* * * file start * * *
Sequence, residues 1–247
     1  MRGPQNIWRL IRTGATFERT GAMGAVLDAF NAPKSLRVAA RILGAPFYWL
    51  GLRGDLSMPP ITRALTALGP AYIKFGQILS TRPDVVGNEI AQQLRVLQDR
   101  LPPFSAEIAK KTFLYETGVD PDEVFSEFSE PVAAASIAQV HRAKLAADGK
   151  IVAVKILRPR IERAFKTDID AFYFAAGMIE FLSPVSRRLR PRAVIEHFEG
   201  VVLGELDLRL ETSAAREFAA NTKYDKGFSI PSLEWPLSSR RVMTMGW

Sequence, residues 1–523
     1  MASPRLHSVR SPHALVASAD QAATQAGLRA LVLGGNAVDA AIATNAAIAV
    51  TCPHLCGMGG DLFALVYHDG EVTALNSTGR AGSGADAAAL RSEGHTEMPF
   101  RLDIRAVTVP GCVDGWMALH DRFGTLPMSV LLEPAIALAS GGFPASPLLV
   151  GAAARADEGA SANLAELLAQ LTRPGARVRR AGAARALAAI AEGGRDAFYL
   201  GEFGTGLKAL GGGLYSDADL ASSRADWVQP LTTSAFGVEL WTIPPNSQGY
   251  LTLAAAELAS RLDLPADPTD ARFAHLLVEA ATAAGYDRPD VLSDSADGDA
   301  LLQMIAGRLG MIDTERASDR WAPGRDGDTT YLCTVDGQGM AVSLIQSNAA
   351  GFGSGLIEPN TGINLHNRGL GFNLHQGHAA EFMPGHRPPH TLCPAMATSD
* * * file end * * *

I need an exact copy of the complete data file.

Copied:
Sequence, residues 1–247
     1  MRGPQNIWRL IRTGATFERT GAMGAVLDAF NAPKSLRVAA RILGAPFYWL
    51  GLRGDLSMPP ITRALTALGP AYIKFGQILS TRPDVVGNEI AQQLRVLQDR
   101  LPPFSAEIAK KTFLYETGVD PDEVFSEFSE PVAAASIAQV HRAKLAADGK
   151  IVAVKILRPR IERAFKTDID AFYFAAGMIE FLSPVSRRLR PRAVIEHFEG
   201  VVLGELDLRL ETSAAREFAA NTKYDKGFSI PSLEWPLSSR RVMTMGW

Sequence, residues 1–523
     1  MASPRLHSVR SPHALVASAD QAATQAGLRA LVLGGNAVDA AIATNAAIAV
    51  TCPHLCGMGG DLFALVYHDG EVTALNSTGR AGSGADAAAL RSEGHTEMPF
   101  RLDIRAVTVP GCVDGWMALH DRFGTLPMSV LLEPAIALAS GGFPASPLLV
   151  GAAARADEGA SANLAELLAQ LTRPGARVRR AGAARALAAI AEGGRDAFYL
   201  GEFGTGLKAL GGGLYSDADL ASSRADWVQP LTTSAFGVEL WTIPPNSQGY
   251  LTLAAAELAS RLDLPADPTD ARFAHLLVEA ATAAGYDRPD VLSDSADGDA
   301  LLQMIAGRLG MIDTERASDR WAPGRDGDTT YLCTVDGQGM AVSLIQSNAA
   351  GFGSGLIEPN TGINLHNRGL GFNLHQGHAA EFMPGHRPPH TLCPAMATSD